Author : J. S. Kachelries

I am very, very sorry. What else can I say? If it means anything, at least I will die before you. I probably only have a few hours left…just enough time to tell you what happened, and to ask for your forgiveness.

I am (actually, was) a graduate student of the Department of Theoretical Physics at Cambridge. My Ph.D. thesis involved achieving absolute zero in the laboratory. Others scientists have gotten close. My colleges at the Helsinki University of Technology got down to 0.000000001 K. But my technique was a quantum leap beyond theirs. I could suspend all atomic motion. The electrons, protons, and neutrons would be instantly locked into place. No motion, no temperature. I had already prepared my Nobel Prize acceptance speech.

I was completely certain that my technique would work. What I wasn’t sure about was what would become of my my 1 gram target of osmium. My gut told me nothing would happen. I’d just have 1 gram of very cold metal. But, like any great scientist, I had to consider all possibilities. There was a slim chance that the electrons could collapse into the protons, giving me 1 gram of neutronium, i.e., a mini-neutron star. Since a neutron has more mass than one proton plus one electron, I’d have to supply additional energy. You know, the e=mc2 stuff. Then, when I ended my experiment, the neutronium (being unstable), would revert back to protons and electrons, and I’d have to dissipate the energy. Nothing I couldn’t handle. So, this morning, I performed the experiment.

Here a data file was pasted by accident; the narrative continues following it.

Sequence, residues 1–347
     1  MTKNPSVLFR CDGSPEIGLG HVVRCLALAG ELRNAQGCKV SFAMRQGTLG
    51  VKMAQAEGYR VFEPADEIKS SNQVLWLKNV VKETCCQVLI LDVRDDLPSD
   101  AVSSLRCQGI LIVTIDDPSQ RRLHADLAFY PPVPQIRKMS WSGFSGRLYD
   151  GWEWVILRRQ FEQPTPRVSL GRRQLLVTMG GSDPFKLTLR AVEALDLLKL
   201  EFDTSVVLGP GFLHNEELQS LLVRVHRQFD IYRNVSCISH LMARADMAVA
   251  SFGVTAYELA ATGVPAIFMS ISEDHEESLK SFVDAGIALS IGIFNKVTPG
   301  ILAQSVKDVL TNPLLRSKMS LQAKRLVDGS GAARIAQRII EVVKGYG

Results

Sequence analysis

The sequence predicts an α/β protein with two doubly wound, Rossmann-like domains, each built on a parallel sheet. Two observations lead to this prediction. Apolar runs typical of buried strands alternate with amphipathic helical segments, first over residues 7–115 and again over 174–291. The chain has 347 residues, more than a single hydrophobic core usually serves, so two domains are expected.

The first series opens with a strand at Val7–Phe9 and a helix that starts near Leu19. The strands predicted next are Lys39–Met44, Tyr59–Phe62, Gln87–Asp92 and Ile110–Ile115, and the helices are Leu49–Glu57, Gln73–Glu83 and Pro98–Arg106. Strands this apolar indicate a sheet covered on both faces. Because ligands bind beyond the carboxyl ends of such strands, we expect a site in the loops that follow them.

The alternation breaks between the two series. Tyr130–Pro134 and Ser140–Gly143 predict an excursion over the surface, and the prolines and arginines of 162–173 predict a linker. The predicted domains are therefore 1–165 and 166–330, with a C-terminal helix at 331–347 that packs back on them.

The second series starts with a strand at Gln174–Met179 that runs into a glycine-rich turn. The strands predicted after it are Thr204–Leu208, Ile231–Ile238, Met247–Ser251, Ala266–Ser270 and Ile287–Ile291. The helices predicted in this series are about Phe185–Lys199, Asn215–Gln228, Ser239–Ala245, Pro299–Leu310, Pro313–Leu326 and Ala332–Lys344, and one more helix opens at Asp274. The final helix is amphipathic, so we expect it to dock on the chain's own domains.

At the critical moment in the experiment, something catastrophic happened. I had overlooked the obvious. I had not considered the effect my experiment would have on the elementary particles (quarks and leptons) and I had assumed neutrons were the ultimate termination point. When absolute zero was achieved, my osmium collapsed past neutronium into a singularity. With nothing to contain the singularity, gravity caused it to drop toward the center of the Earth. In the second it took to descended through the lab bench and the floor, sucking in everything in its path, it exposed me to a lethal dose of X-rays and gamma rays. In freefall, with nothing of consequence to slow it down, the singularity will reach the core in a few minutes. It will shoot past, stop somewhere near the upper end of the southern mantle, and return through the core again, continuing the cycle for hours. Eventually, it will settle down at the precise center of the Earth. Then, over the next few days, it will devour the core, the mantle, the crust, and the atmosphere. The Earth will shrink from its current 8,000 mile diameter to an infinitesimal speck. The astronauts in the space station may live to see it, but you won’t. The earthquakes, the tsunamis, the volcanoes, and the radiation will end your innocent lives long before the conclusion of this tragedy.

But, as I said, I am very, very sorry.

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